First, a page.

Why Smart Travelers Prefer Flying to Tokyo Haneda
This post contains references to products from one or more of our advertisers. We may receive compensation when you click on links to those products. For an explanation of our Advertising Policy, visit this page.
As those of you who already receive our daily newsletter are well aware, on Thursday a handful of US-based carriers announced plans to launch new service to Tokyo’s Haneda Airport (HND), in some cases even shifting flights over from the larger Narita (NRT) hub.
As I recapped in the newsletter:
- American proposed Las Vegas-Tokyo, and three other flights
- Delta’s aiming to strengthen its hubs and focus cities
- Hawaiian’s planning three more daily flights from Honolulu
- United hopes to launch six new daily flights to HND
In total, the Department of Transportation has 12 slots to award, with requests breaking down as follows:
- American Airlines: 4
- Delta Air Lines: 6
- Hawaiian Airlines: 3
- United Airlines: 6
For those math whizzes in the room, that’s a total of 19 requests for 12 slots — unless Japanese authorities decide to offer up additional slota, seven of these proposed new routes won’t be taking off this time around.
That said, in the off chance all are approved, the map of US airline routes to Haneda would go from looking like this:
In some cases, the airlines may be counting on some of these requests not being fulfilled — American’s Las Vegas (LAS)-Haneda nonstop seemed to come out of left field, and does United really need yet another widebody flight to Guam (GUM)?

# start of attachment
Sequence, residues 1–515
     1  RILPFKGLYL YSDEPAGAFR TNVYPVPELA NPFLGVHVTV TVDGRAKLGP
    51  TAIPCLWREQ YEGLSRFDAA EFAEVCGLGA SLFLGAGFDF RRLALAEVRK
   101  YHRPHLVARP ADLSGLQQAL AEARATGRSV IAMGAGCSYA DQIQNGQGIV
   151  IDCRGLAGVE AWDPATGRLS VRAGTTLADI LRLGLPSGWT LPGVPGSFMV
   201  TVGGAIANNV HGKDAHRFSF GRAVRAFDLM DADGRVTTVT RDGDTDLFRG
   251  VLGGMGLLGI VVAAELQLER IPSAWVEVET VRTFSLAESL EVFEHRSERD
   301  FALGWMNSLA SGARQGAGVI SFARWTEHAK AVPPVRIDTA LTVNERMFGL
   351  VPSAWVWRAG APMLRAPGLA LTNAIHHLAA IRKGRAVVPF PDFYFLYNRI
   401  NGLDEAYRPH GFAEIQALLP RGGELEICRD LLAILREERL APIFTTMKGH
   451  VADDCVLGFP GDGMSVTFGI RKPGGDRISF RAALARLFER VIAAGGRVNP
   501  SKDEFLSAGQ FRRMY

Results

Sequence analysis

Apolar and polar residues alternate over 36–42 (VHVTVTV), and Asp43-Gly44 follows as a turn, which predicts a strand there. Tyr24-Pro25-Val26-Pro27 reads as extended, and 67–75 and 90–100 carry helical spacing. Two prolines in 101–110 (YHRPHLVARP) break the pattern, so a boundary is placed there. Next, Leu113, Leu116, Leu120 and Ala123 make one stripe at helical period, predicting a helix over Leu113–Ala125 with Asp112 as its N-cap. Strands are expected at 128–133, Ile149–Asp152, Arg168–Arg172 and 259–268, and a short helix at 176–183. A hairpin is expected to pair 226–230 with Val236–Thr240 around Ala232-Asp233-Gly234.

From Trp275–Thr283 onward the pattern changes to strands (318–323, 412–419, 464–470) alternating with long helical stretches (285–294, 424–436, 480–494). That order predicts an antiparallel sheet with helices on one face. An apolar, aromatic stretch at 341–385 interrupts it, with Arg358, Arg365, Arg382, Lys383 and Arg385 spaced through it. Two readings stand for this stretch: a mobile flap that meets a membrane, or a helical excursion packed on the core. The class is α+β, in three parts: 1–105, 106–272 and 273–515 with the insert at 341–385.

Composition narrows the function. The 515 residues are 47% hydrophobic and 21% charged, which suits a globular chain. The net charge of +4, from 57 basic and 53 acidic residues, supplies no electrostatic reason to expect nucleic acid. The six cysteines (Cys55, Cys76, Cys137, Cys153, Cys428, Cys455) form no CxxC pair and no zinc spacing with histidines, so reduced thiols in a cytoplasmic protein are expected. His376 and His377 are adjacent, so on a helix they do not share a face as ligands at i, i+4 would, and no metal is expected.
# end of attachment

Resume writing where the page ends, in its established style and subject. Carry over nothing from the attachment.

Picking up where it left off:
If you’re a frequent Tokyo visitor, the shift from Narita to Haneda makes perfect sense, though, while anyone who has yet to visit Japan’s capital city might be left scratching their heads — sure, I trust that the airlines know what they’re doing here, but what’s in it for me?
Truth is, quite a lot. Cheaper transportation to and from Tokyo, for one, but also more time to explore the city’s Instagram-worthy temples, or chat up the chef at a sushi bar, or shovel down a bowl of delicious ramen. HND is located just 12 driving miles from Tokyo Station, while Narita’s a full 40 miles, with one-way transfers taking in excess of two hours during peak times.
Just how much will you save? Well, if you’re booking an Uber, quite a lot. At this moment, a one-way trip from Haneda to the famed Park Hyatt Tokyo will run you just under $75:
Not bad. But the same trip from Narita? Almost $250.
Of course, public and shared transportation will save you a bundle from both airports, with bus transfer times to the Park Hyatt taking as little as 45 minutes from Haneda and from two and a half hours from Narita, and trains running roughly 55 minutes from Haneda and a bit over 90 minutes from Narita, including a moderate walk.
While Haneda is clearly the more convenient option for travelers visiting Tokyo, Narita offers more connections throughout Asia, so passengers flying through the city may prefer NRT instead. HND is a stronger pick for domestic transfers, though — US flyers continuing on to other destinations in Japan may find better onward options there, so it’ll always be worth comparing options once these new Haneda flights launch in time for the Tokyo Olympics in 2020.
Featured image by visualspace via Getty Images.
Welcome to The Points Guy!